On our recent trip to Paris we met a woman named Donna who had a story we could relate to. Many years ago she was looking for a teaching job in the Chicago area. She was offered a position at a Catholic school that she was inclined to accept until the interviewing Sister told her that one of her duties would be teaching French. “But Sister, I don’t know French.” she said. The nun, who we picture just like the one in the Sound of Music who looked the other way while the fuel pump was pulled from the Nazis’ car, replied, “The children don’t know that. All you have to do is stay one day ahead of them.” And that is how Donna got a job and learned French.

We’ve managed to stay a day ahead of you. But it’s a pace that is hard to maintain for the distance. We started on Ground Hog’s Day last year and will continue, but we don’t want to, well, do the same thing all over again. We have been quizzing everyone we know to find out if there is a name in the media world for the phenomenon of the annual cycle of seasonal topics. You know - tips for cooking the Thanksgiving turkey and using the leftovers, creative ways to die eggs, where to take the kids for spring break, will the groundhog see his shadow?, how to deal with cabin fever, etc., but no one seems to know what that is called. Perhaps we can call it the Groundhog’s Day phenomenon. It must be maddening for the TV news producer and features editor. We don’t want to find out how maddening.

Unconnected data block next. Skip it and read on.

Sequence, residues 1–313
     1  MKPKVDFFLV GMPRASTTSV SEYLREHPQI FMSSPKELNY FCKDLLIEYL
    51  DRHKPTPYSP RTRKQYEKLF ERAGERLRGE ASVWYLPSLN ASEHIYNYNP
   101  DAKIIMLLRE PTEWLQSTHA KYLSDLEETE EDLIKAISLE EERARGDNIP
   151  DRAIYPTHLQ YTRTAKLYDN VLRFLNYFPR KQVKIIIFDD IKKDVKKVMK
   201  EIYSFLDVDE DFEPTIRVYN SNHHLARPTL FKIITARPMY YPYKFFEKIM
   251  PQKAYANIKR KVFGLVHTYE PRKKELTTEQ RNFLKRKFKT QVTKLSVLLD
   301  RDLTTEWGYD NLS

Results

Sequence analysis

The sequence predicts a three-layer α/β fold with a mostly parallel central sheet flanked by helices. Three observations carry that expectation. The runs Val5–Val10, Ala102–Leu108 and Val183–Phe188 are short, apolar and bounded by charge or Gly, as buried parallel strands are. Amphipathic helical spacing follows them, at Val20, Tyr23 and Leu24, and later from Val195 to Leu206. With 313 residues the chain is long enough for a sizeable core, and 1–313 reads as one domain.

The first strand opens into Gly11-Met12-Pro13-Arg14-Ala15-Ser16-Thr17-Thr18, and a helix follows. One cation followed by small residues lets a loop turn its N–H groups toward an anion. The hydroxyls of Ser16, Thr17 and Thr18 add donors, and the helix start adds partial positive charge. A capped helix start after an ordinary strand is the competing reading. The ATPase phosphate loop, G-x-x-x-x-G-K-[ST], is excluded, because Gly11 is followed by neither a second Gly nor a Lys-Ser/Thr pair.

We’ll be here, but not everyday.

Thank you, and remember - if you believe in fairies clap your hands every now and then.

We love the sound.